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Herniated disc: Symptoms, Causes and Treatments.


A herniated disc commonly referred to as a slipped disc or prolapsed disc, is when a disc that separates the spinal vertebrae is damaged and either bulges or breaks open. While this is more common in the lumbar back (lumbar herniated disc) it can also occur in the neck (cervical herniated disc), and in the upper back (thoracic herniated disc).

Herniated disc causes:

Herniated discs can occur as the result of physical injury or degenerative processes that occur in the body:

  • A spinal injury can result in small tears of the outer layer of the disc. The gel inside the disc can then leak out causing the disc break open or develop a bulge.
  • Age-related degeneration of the disc generally involved the gradual loss of disc fluid. As the fluid is lost the disc thins and loses its ability to act as a shock absorber.

In both cases, the disc can exert pressure on the nerves in the spine. This results in pain and often weakness. A lumbar herniated disc can result in severe pain in the buttock and radiating down the leg, a condition known as sciatica.


Not all herniated discs cause pain. Mild cases that don’t press on nerves can be asymptomatic or can cause relatively mild back pain. A cervical herniated disc can cause pain and weakness in the neck and shoulders and can also affect the chest, hands, arms, legs, and other parts of the body.

When a herniated lumbar disc compresses the sciatic nerve, the resulting condition is known as sciatica. The sciatic nerve begins at the back of the pelvis and runs all the way through the legs to the feet. Sciatica may be mild but it can be extremely painful and debilitating. Sciatica can also be caused by conditions other than a herniated disc, for instance, it is frequently caused by stenosis.

It is also possible for a slipped disc to cause numbness and weakness in both legs along with bladder and or bowel incontinence. This requires immediate medical intervention.


Herniated discs are initially diagnosed through a physical examination. Your doctor will want to know about your history and how and when the pain first occurred and to what extent the pain and other symptoms are affecting you. Your reflexes and muscle strength will also be assessed as will your ability to walk and feel sensations.

If the condition is indicated, the diagnosis may be confirmed with an MRI or CT scan and an electromyograms and nerve conduction test might be carried out.


Treatments generally involve providing relief for acute pain, exercise, and physical therapy to promote healing and prevent recurrence; in a small percentage of cases (less than one in ten) surgery might be recommended:

  • Your immediate pain can be treated by over the counter or prescription pain killers. Cortisone injections may be used to relieve inflammation and muscle relaxants may be used to relieve muscle spasms.
  • Over time a herniated disc can heal. Most people recover within a month or two, and only a small fraction will go on to need surgery. It has been demonstrated that with conservative treatments, a herniated disc can heal completely. A study on a group of patients with herniated disks who had undergone conservative therapy (Chiu, Chun-Chieh, et al., 2015) found that regression was 96% for disc sequestration, 70% for disc extrusion, 41% for disc protrusion, and 13% for disc bulging. The rate of complete resolution of disc herniation was 43% for sequestrated discs and 15% for extruded discs. The study concluded that spontaneous healing of disc tissue can occur and completely resolve following conservative treatment.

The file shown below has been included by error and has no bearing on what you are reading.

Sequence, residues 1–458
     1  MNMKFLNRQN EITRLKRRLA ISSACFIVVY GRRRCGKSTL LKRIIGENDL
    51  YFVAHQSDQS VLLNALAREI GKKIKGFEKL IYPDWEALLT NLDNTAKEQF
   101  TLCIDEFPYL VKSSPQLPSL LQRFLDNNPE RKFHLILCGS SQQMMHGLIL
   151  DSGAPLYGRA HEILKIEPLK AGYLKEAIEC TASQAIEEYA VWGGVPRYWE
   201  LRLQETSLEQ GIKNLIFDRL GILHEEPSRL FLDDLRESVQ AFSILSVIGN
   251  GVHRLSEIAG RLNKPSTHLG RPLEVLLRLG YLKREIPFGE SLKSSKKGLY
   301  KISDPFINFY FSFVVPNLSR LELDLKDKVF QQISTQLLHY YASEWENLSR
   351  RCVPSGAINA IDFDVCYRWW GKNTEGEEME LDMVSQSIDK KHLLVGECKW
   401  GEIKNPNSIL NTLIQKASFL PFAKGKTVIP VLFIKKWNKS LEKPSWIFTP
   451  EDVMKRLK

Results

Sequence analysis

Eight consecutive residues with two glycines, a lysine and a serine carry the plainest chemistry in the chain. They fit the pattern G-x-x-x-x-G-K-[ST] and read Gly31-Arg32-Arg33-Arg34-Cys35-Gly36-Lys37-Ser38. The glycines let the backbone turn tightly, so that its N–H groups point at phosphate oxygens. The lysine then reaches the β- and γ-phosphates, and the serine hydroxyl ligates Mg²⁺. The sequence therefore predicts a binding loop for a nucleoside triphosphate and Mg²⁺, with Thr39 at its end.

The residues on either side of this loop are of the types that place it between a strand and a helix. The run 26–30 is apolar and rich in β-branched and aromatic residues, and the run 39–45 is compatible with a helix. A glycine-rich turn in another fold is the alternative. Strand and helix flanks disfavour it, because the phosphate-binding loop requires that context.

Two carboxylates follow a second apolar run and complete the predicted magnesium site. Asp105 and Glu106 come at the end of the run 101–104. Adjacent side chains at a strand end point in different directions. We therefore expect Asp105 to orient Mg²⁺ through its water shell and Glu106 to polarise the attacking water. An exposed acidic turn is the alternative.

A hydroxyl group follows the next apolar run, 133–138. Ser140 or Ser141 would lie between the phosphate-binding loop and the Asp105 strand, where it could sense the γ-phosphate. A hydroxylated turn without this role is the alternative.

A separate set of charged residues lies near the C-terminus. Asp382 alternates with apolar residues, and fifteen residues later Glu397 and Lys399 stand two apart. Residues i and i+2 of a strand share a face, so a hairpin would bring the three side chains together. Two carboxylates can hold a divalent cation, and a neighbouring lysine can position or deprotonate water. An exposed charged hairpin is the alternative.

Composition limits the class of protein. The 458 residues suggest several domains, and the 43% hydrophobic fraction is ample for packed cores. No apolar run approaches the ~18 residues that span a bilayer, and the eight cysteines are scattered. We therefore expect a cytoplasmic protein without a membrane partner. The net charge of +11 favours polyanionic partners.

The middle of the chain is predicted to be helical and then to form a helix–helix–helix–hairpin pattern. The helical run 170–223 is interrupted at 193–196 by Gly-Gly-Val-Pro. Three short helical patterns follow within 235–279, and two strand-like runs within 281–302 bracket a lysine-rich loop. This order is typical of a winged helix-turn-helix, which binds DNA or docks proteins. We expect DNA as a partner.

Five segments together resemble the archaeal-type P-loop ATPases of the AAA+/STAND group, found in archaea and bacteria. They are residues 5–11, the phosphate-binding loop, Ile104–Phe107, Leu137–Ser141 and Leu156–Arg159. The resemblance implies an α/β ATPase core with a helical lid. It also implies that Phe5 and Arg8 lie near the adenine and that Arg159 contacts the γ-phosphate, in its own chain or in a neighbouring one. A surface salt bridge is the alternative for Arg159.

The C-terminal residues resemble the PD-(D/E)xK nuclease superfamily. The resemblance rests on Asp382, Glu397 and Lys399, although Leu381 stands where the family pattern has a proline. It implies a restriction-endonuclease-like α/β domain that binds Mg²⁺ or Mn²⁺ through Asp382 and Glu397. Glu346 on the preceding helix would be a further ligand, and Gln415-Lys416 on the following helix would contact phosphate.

• Physiotherapy treatments can be highly beneficial even for patients who would otherwise face surgery. In a study of 41 patients with lumbar disc herniation who had undergone clinical assessment and MRI (Svensson, et al.,2014), structured physiotherapy that included MTD (Mechanical Diagnosis and Therapy) and trunk stabilisation training were assessed after 3 months, 12 months and 24 months. After 3 months, improvements were already apparent. Disability levels and leg and back pain were reduced, fear of movement was reduced, quality of life was improved as were depression and self-efficacy. These improvements were retained for at least two years. The authors strongly recommended that structured physiotherapy should be used for treating pain and disability caused by lumbar disc herniation before considering surgery.
  • Surgery is recommended for severe and recurring pain. Generally, this involves the removal of the part of the disc that is bulging and causing problems. In some cases, the complete disc must be removed and the vertebrae fused together. Sometimes an artificial disc can be implanted.



Many people suffer from a herniated disc at some time in their lives. Often there are no or only mild symptoms, but sometimes there is severe pain and disablement. Fortunately, with a little care and physical therapy, the damage can be repaired and, by taking proper steps with one’s lifestyle, the chances of reoccurrence can be minimised. For instance, it is important to maintain a good posture, to maintain a healthy weight, and to ensure that, when you take exercise or lift items, you do it the right way. A physical therapist will be able to help you in all of these aspects and help you to keep your back healthy.

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    Chiu, Chun-Chieh, et al., (2015). The probability of spontaneous regression of lumbar herniated disc: a systematic review. Clinical rehabilitation 29.2 (2015): 184-195.

    Svensson, Gunilla Limb?ck, Gunilla Kjellby Wendt, and Roland Thome?. (2014). A structured physiotherapy treatment model can provide rapid relief to patients who qualify for lumbar disc surgery: a prospective cohort study. Journal of rehabilitation medicine 46.3 (2014): 233-240.

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